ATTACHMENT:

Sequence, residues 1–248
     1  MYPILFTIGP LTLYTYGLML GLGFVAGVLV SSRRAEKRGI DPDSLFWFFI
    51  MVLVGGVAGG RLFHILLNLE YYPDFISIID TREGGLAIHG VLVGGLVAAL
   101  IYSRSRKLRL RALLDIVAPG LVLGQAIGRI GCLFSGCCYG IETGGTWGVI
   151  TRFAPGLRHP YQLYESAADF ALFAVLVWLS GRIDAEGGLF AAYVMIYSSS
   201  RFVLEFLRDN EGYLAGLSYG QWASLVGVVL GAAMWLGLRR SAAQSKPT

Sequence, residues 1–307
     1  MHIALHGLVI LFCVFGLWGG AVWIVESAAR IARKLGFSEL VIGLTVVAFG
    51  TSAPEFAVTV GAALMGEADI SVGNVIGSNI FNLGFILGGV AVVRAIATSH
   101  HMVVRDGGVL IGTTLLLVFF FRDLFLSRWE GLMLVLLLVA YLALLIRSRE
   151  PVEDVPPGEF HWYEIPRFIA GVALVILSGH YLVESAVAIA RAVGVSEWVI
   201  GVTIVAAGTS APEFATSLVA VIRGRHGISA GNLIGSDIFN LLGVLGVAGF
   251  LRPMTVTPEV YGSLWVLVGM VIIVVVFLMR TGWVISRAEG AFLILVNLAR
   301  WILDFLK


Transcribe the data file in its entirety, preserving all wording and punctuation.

Sequence, residues 1–248
     1  MYPILFTIGP LTLYTYGLML GLGFVAGVLV SSRRAEKRGI DPDSLFWFFI
    51  MVLVGGVAGG RLFHILLNLE YYPDFISIID TREGGLAIHG VLVGGLVAAL
   101  IYSRSRKLRL RALLDIVAPG LVLGQAIGRI GCLFSGCCYG IETGGTWGVI
   151  TRFAPGLRHP YQLYESAADF ALFAVLVWLS GRIDAEGGLF AAYVMIYSSS
   201  RFVLEFLRDN EGYLAGLSYG QWASLVGVVL GAAMWLGLRR SAAQSKPT

Sequence, residues 1–307
     1  MHIALHGLVI LFCVFGLWGG AVWIVESAAR IARKLGFSEL VIGLTVVAFG
    51  TSAPEFAVTV GAALMGEADI SVGNVIGSNI FNLGFILGGV AVVRAIATSH
   101  HMVVRDGGVL IGTTLLLVFF FRDLFLSRWE GLMLVLLLVA YLALLIRSRE
   151  PVEDVPPGEF HWYEIPRFIA GVALVILSGH YLVESAVAIA RAVGVSEWVI
   201  GVTIVAAGTS APEFATSLVA VIRGRHGISA GNLIGSDIFN LLGVLGVAGF
   251  LRPMTVTPEV YGSLWVLVGM VIIVVVFLMR TGWVISRAEG AFLILVNLAR
   301  WILDFLK